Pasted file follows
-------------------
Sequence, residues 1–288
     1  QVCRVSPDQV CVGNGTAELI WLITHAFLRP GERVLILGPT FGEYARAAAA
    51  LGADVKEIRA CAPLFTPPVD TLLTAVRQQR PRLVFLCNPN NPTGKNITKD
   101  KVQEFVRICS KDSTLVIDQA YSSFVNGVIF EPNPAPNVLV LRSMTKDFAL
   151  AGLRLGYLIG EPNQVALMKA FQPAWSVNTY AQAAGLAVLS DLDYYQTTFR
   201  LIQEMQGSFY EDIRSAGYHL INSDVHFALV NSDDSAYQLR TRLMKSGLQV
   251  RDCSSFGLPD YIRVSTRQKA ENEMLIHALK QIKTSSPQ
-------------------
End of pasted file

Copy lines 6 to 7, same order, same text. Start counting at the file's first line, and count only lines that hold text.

   201  LIQEMQGSFY EDIRSAGYHL INSDVHFALV NSDDSAYQLR TRLMKSGLQV
   251  RDCSSFGLPD YIRVSTRQKA ENEMLIHALK QIKTSSPQ